New research published by Newcastle University this week confirms the link between cutting social security and mental health issues.That’s why I’ve been urging the Chancellor to retain the current £20 uplift to Universal Credit in next month’s Spring Statement. The uplift has made a significant difference to many families. If the government is serious about “levelling up” this is the very least they could do.
Yesterday, MPs voted through new coronavirus restrictions that effectively put our country into a third national lockdown. The new measures are a last resort; none of us want to restrict your freedoms, but with public health at the front of centre of our decision making, this really is the only option.
Health experts now believe one in fifty people in the UK has the virus, and it is spreading exponentially across the UK. Hospital admissions are rising day by day and our NHS is under intense strain.
Here on Tyneside, we have been living under strict measures for some time now, and I know how difficult another lockdown will be for families across our region after everything they have already sacrificed. Despite this government’s many failures on covid-19, Labour supports the new restrictions as a national effort to protect the health service and save lives.
But our support for the government’s measures is in no way intended to let them off the hook on their broader mishandling of the crisis. There are serious questions for the government to answer on why they didn’t impose restrictions sooner, given that the scientific advice informing this lockdown was first presented to ministers over a fortnight ago.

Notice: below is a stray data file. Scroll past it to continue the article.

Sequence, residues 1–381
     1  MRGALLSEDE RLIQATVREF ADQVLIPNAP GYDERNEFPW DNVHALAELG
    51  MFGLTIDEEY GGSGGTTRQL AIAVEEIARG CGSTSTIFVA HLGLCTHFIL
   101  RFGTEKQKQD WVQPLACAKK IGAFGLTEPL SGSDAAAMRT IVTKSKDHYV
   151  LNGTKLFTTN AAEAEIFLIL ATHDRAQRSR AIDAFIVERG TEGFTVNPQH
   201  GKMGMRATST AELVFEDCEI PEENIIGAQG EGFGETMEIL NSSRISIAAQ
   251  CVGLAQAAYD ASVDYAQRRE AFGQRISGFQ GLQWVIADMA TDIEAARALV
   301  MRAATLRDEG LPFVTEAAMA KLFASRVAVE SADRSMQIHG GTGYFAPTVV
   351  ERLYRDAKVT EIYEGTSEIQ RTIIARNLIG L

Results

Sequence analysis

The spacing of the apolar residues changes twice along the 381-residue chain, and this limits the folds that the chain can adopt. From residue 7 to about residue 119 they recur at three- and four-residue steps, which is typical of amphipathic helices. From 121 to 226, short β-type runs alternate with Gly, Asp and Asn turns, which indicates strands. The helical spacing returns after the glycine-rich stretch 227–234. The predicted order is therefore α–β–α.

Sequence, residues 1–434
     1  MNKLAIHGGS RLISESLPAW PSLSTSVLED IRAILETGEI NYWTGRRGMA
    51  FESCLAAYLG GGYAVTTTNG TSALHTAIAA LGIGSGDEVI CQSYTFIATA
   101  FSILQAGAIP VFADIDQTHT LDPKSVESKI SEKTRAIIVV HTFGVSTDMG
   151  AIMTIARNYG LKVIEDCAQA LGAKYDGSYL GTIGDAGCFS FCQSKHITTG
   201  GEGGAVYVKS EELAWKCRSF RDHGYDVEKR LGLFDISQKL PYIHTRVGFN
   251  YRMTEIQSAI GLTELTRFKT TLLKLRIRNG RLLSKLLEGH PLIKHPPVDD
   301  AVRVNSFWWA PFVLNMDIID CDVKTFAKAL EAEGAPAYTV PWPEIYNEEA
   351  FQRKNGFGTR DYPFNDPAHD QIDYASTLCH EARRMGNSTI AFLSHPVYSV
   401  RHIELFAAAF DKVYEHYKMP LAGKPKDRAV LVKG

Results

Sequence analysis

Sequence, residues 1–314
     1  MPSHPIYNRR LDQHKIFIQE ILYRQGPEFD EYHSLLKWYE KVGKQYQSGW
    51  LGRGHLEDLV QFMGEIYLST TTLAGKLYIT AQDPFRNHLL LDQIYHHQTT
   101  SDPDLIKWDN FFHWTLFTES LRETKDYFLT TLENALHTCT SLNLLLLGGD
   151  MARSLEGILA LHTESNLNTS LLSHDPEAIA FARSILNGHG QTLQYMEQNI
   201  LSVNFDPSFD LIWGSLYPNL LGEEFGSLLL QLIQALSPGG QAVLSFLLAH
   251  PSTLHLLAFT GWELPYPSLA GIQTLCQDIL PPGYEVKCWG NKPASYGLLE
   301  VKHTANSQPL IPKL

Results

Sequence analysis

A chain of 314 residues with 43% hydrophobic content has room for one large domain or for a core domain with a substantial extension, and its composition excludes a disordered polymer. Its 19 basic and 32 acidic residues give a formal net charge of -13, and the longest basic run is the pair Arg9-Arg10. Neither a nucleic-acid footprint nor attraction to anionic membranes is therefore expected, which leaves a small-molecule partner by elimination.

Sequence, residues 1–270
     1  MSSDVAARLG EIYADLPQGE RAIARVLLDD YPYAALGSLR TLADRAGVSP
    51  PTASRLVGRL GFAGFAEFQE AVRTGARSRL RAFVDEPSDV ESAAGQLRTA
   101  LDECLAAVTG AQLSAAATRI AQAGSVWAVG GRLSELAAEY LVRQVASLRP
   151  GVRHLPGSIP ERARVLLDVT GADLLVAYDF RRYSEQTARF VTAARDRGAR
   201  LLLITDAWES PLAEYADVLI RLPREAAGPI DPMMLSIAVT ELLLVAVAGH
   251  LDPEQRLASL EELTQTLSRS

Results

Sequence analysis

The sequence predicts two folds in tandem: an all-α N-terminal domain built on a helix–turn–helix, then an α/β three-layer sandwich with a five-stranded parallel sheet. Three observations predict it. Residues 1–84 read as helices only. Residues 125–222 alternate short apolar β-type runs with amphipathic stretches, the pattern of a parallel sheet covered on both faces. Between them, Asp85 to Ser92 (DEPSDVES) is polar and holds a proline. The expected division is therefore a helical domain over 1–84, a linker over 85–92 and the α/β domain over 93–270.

As Her Majesty’s Opposition, Labour will continue to support the government where it gets it right and provide constructive criticism where it is failing. So, we’ll be pressing the government on a range of issues over the coming days.
Health ministers must explain why Serco’s testing system still isn’t working. And on vaccinations, we need a clear plan. We believe the NHS can deliver two million vaccines a week, but the government must clarify whether enough doses will be available and how they plan to remove the red tape that is making it difficult for retired health professionals to volunteer.
The chancellor must come to the house to explain why, once again, millions of working people have not been given the support they need, especially those three million self-employed who have been left without support for almost a year now. This is nothing short of a scandal.
Our lowest paid key workers need clarity on whether the government still plans to cut £20 a week from Universal Credit from April and whether they will implement the planned public sector pay freeze, which will affect the same nurses that have kept our country and our NHS going over the last 10 months.
On education, we face an unprecedented crisis. Last Sunday, despite growing evidence from the unions, our schools were deemed to be safe by Boris Johnson. By Monday afternoon he decided to shut them to most children, with no timescale for full re-opening, in another failure of his government to act swiftly.
Most children are now at home seven days a week, and for the most vulnerable this will have a detrimental impact on their learning and in some cases their well-being and safety, too.